For the first time since 2005, the Social Security full retirement age (FRA) will rise in 2017. The increase's origin is legislation passed in 1983 that aimed to improve the solvency of the Social Security trust funds. FRA will rise by 2 months every year until it reaches 67 in 2022. FRA is the age a retiree will receive his/her "full" Social Security retirement benefits.
Here's a handy chart courtesy of Michael Kitces's blog:
Retirees can still receive benefits on their own record as early as age 62. However, with FRA rising, that means that benefits taken at 62 will result in further reductions than before. A retiree who takes benefits before FRA has his/her benefits reduced based on the number of months until FRA. A 62-year old retiree today has two more months until FRA than a 62-year old retiree last year..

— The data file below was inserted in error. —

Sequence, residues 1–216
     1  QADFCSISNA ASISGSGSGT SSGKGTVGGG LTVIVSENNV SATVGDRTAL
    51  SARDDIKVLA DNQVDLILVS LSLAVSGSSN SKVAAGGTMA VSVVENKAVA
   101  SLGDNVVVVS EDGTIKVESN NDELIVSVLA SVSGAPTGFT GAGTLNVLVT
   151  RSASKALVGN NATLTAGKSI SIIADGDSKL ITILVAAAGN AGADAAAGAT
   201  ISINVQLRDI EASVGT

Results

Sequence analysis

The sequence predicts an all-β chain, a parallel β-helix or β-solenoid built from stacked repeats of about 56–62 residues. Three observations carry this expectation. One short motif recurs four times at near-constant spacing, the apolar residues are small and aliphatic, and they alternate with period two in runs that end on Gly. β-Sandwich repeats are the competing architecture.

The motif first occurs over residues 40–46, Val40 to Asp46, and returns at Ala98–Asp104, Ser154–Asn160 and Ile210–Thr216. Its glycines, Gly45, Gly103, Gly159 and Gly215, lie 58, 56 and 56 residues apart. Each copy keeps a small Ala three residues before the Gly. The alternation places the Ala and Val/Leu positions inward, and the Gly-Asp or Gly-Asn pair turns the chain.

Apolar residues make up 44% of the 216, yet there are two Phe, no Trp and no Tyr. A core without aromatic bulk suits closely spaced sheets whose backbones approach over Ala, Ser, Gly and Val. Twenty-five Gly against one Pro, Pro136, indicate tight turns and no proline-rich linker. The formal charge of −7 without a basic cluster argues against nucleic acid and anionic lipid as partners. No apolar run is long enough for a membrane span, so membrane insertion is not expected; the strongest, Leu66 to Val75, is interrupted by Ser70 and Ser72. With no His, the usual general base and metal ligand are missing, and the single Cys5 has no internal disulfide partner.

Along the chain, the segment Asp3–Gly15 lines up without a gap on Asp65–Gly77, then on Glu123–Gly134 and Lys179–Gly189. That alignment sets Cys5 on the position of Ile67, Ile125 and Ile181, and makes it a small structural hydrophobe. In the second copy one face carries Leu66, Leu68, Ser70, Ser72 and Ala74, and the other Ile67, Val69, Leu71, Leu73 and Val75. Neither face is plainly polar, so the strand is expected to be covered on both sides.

Similarly, the potential for increasing benefits above FRA has been lessened. A retiree who delays taking benefits past FRA receives a bump in benefits based on the number of months he/she waits. Delayed benefits no longer increase beyond 70. With FRA rising, there are fewer months until 70 that delaying retirees can receive a bump in benefits.
With Social Security trust funds remaining underfunded today, there will likely be future adjustments to reduce lifetime expected benefits. However, the 1983 legislation signals that workers near retirement are less likely to be affected. The laws passed three decades ago allowed anyone who was 45 or older to keep the FRA age of 65. The adjustments targeted younger workers. That will probably be the same formula proposed by a future Congress.